Theatre lights have been extinguished for the greater good of the community during this stop-start pandemic life but they are lit up again and aflame in red for the greater good at Melbourne’s grand Regent Theatre.
The explosive multi Tony award winning musical, Moulin Rouge, promises to transform your state of being. Even before the show begins, an alluring magical realm presents itself for which the heart and soul willingly give themselves.
On one side, the vanes of the Paris institution’s iconic red windmill rotate, on the other looms the film’s regal elephant. Umpteen chandeliers hang above and there’s a taste of the prancing and preying brilliant ensemble. It’s a mighty impressive entry.
The results of a mammoth collaborative effort, years in the making and headed by director Alex Timbers, Moulin Rouge is a mesmerising cocktail of entertainment, a great flood of jukebox song snippets and a smorgasbord of tantalising choreography and lavish costumes. On the surface, the pizzazz of Baz Luhrmann’s iconic 2001 film is honourably rendered.
A fantastical fin de siecle Paris reveals its opulence and charm in Derek McLane’s splendorous scenic designs. The tapestry of exoticism depicting Satine’s movie-matching boudoir is hard not to want to dive into and who else might have imagined taking home a 3-metre Eiffel Tower replica?
Catherine Zuber’s costumes along with wig, hair and makeup designer Kylie Clarke’s audacious styling are an ingenious bridge connecting sentiments past and present while Justin Townsend’s lighting design is a fabulously intricate blend of mood and colour.
It all comes to life in Sonya Tayeh’s thoroughly dynamic choreography, all of which is edgy, both geometrically rich and individuality expressive.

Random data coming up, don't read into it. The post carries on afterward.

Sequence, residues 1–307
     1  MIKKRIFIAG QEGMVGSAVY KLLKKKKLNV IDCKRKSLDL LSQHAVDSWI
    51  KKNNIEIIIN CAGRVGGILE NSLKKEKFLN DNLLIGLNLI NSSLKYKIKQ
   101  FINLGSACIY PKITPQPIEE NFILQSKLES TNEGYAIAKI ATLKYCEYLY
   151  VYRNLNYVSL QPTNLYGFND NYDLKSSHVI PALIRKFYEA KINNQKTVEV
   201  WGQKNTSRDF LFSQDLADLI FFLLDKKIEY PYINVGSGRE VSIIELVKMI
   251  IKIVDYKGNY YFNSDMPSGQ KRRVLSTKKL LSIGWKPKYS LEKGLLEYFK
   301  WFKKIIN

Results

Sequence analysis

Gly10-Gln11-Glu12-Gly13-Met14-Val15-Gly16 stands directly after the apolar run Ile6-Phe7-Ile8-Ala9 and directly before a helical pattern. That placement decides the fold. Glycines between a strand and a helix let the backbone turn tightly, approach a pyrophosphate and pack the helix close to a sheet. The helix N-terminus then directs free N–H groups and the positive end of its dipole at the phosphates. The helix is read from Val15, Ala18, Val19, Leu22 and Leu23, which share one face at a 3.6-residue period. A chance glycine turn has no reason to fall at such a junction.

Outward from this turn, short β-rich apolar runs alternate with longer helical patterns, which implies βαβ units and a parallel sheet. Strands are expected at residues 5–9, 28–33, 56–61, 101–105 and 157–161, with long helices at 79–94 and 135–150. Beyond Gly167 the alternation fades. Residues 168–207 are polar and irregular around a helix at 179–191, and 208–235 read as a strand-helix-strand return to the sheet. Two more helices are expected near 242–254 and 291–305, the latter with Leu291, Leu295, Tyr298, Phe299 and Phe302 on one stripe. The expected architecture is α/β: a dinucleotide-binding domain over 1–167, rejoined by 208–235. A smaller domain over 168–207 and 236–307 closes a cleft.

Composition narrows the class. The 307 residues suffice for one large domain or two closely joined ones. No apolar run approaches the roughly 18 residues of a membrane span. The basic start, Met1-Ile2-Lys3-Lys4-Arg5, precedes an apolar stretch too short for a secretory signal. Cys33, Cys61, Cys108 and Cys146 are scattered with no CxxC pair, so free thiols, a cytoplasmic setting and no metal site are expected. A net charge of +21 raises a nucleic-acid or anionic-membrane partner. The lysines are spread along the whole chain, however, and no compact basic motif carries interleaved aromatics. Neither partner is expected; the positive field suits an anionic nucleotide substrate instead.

Rather than realise the film’s story with exactitude, however, the musical follows a flavoursome book by John Logan. Branching out and back with several surprises, the story makes its own individual mark on the passionate operatic romance between the bohemian poet Christian and dying courtesan Satine.
Despite some marginal broadening of character backstories, the results don’t always feel resolved and the intimacy often needs more oxygen amongst the frenzy. Nevertheless, what remains central to the story is love transcending all obstacles.
And they are written in plentifully, including an unexpected but frankly unnecessary suicidal threat by Christian in the final moments with poor Satine’s death wedged between that and a kaleidoscopic extravaganza that dances away the tragedy.
It seems box office success depends on giving an audience a high to go out on. At least, in this case, the Moulin Rouge owner and emcee Harold Zidler‘s insistence that “The show must go on!” is upheld. You probably wouldn’t want it any other way because the energy and beat of over 70 tunes is infectious.
Upheld too is the quality of performance. Starring in the original film, Nicole Kidman and Ewan McGregor brought convincing truthfulness and pleasing naturalness to their parts in acting and music. Of course, they had take after take to get it so.